Henry David Thoreau and William Cronon were great philosophers and scholars and had different views to life. They were great writers too and in this essay we will discuss and agree or disagree on their views on the relationship between nature and civilization. Wiliam Cronon looked at civilization as helpful and also loved nature a lot,he supported both. Thoreau on the other hand never embraced any of the two wholly. He neither rejected civilization nor did he entirely embrace nature. He in my view therefore, sorts to integrate the two aspects. By looking at the two individually, he viewed nature in a humanly perspective. He argued that the human role in nature is as an actual inhabitant and part and parcel of nature. He goes ahead to describe and present nature in his own life experience whereby he used to walk into the forest near his property. Thoreau goes ahead to portray nature through building development whereby he sees it is a destruction of nature which is God given. He relates nature and his experiences in it to his personal life rather than the society as a whole. With all the above I wholly agree with him that nature is part of human beings and by relating it to his personal experience brings it out so clearly for everyone to see. Nature can therefore be portrayed through someone’s life experience.
David Thoreau in addition with regard to nature tends to sensitize readers. He tends to seem like a preacher at a huge church congregation where he mostly uses his own personal experience with nature and relating his experiences to God’s action and will to living things. He usually sends the message to his readers that nature can be valuable. He views nature as the best antidote to human beings. It is a refuge as we as human beings must recover if we hope to save the planet. David Thoreau once declared that, “In Wildness is the preservation of the World” (Thoreau, 2005: 87). I slightly disagree with this view since the more I look and know about the history of nature, the more I realize that nature isn’t quite what it seems. It is quite profound and can be a human creation and is far from being the one place on earth that stands apart from humanity. In addition, I view it is the creation of some human cultures at specific moments in our human history.
In regard to civilization, Cronon says in a motto that the government is best which governs least. By this he meant that a government is best when it does govern and that when men are prepared for it and decide that that is the government they want. He meant every man should be left to speak out what kind of government he wants and would win his respect, and that will be a huge step toward obtaining it. On the other hand Thoreau was under the thought that when integrating civilization with nature, he sees civilization as a destruction of nature. This is through what is brought by civilization. Civilization to him leads to destruction of nature in order to give way to new infrastructure. For example, it can mean clearing a forest in order to build a major company or factory. The emergence of new buildings for companies leads to greater civilization of individuals but on the downside it can tend to hugely destroys nature. With regard to civilization both Thoreau and Cronon inspired so much in civil rights, rational religion, and environmental aspects. Through Thoreau’s description of civilization in this paragraph, I entirely agree with him that civilization has in one way or another affected and destroyed nature. When civilization came, nature was affected. I also on the other hand agree with Cronon that every man is entitled to chose his government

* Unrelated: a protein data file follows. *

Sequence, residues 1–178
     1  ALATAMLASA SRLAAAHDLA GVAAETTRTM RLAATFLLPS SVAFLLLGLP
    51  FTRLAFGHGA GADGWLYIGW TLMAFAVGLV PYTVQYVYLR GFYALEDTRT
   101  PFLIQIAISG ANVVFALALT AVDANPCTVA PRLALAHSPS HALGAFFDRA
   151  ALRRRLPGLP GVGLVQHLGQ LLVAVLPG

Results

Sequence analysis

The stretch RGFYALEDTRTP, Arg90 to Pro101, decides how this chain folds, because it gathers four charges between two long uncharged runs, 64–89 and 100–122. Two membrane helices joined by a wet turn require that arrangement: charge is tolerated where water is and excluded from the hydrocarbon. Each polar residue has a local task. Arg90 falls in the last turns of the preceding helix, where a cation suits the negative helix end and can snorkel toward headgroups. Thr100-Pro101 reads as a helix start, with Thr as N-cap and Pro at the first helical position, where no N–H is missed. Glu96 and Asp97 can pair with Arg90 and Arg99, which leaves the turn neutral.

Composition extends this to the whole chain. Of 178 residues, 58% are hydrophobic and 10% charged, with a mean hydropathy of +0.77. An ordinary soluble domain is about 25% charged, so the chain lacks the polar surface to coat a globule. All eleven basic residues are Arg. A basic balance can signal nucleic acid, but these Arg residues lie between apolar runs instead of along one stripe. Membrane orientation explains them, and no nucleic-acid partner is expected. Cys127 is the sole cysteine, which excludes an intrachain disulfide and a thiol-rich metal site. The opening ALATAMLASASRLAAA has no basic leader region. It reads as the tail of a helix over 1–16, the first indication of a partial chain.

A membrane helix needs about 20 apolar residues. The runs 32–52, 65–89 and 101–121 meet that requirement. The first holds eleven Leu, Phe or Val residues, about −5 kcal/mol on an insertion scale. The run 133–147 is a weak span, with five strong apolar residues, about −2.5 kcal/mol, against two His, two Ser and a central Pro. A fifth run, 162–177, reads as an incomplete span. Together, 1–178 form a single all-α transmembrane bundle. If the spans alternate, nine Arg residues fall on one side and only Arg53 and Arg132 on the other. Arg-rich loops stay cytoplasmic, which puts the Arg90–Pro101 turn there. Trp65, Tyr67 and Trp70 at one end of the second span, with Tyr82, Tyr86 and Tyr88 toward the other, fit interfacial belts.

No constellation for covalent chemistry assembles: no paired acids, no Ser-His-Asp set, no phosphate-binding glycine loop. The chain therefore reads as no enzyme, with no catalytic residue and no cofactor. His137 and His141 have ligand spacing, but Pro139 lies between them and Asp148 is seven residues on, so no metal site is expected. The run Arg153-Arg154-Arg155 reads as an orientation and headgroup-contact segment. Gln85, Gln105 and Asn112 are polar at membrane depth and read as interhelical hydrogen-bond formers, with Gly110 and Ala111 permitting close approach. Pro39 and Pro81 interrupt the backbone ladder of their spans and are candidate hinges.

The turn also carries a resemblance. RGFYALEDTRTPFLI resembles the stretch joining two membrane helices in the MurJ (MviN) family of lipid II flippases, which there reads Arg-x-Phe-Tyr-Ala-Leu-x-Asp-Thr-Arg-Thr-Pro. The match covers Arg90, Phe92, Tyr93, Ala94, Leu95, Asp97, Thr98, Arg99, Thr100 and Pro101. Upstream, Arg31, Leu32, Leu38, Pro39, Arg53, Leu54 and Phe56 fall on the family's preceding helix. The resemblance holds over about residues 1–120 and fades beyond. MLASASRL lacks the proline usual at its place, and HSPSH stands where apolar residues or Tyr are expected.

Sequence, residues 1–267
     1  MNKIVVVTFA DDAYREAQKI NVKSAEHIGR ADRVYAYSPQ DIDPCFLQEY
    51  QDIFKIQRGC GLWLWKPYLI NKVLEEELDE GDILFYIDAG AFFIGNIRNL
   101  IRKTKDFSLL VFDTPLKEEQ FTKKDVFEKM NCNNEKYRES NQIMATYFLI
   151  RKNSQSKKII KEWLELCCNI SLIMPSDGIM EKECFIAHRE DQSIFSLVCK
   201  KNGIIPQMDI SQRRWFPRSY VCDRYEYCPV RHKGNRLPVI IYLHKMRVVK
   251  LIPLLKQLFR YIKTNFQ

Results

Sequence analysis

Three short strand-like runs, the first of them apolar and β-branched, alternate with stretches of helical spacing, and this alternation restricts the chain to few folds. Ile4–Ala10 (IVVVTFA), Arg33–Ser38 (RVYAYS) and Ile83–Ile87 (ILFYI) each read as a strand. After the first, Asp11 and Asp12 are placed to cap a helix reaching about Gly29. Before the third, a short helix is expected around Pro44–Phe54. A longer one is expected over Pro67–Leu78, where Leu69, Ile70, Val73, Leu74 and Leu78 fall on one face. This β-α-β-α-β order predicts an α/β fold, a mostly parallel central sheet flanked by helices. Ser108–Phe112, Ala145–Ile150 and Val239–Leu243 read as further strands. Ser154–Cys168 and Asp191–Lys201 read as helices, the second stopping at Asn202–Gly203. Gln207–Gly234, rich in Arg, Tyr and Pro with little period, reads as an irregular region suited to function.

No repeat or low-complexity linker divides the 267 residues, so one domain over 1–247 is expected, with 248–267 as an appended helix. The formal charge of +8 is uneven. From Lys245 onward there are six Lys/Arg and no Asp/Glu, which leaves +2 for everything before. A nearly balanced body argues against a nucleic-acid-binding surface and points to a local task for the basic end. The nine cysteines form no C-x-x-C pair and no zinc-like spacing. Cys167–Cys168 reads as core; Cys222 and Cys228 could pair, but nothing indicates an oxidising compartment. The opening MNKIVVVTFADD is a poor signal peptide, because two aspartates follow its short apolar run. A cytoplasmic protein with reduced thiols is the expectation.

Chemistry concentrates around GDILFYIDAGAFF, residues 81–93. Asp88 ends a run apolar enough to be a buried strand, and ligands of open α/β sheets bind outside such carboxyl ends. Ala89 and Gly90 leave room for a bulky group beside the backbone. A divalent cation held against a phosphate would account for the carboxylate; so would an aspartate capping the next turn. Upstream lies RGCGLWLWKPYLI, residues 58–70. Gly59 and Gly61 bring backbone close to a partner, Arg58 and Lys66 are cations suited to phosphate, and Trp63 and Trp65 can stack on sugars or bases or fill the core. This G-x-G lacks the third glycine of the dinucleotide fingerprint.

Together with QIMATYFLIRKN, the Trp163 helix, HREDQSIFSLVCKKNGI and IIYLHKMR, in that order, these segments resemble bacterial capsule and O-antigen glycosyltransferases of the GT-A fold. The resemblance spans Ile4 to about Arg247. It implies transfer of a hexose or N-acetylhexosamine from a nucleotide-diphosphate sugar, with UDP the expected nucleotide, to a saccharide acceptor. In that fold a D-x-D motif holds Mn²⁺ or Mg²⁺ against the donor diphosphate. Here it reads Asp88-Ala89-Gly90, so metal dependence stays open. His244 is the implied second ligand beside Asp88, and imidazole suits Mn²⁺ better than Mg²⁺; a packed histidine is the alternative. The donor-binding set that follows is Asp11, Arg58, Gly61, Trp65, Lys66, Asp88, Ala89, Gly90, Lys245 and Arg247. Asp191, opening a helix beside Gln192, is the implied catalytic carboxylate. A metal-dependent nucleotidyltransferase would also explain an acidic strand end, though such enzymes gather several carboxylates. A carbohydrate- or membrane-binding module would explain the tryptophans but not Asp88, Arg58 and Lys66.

When integrating the two views of both philosophers together, the relationship between civilization and nature comes out clearly. Thoreau in the first place was a simple man and he greatly wanted to show that people could live simple lives and do without material needs. He was in the thought that with civilization material needs arise and living simple means living in natural habitat without interfering with the God created nature/wilderness. In a period where civilization was in the form of growth, both in an economical and territorial sense, civilization was seen by many as critical for the development of a premature country. However, David Thoreau always felt the opposite. Thoreau was a man who searched for growth within himself and was always not concerned with outward appearances and improvements in him or the society. In other words the civilization that was taking place around him. He hence preferred nature to civilization because to him civilization was of no meaning to him since he was a simple and who wanted to live a simple life. He felt there was a lot of obsession to with appearance that was brought about by material things where there was the perception that material needs brought about by the rapidly increasing civilization were a necessity. He was under the thought that they do not bring true happiness and hinder full enjoyment of life. I in my view disagree with Thoreau on this since despite been simple leads a comfortable life, civilization has hugely helped people all over the globe achieve a lot in improving their lives for the better. Education is also part of civilization and education is the best thing civilization brought in my views.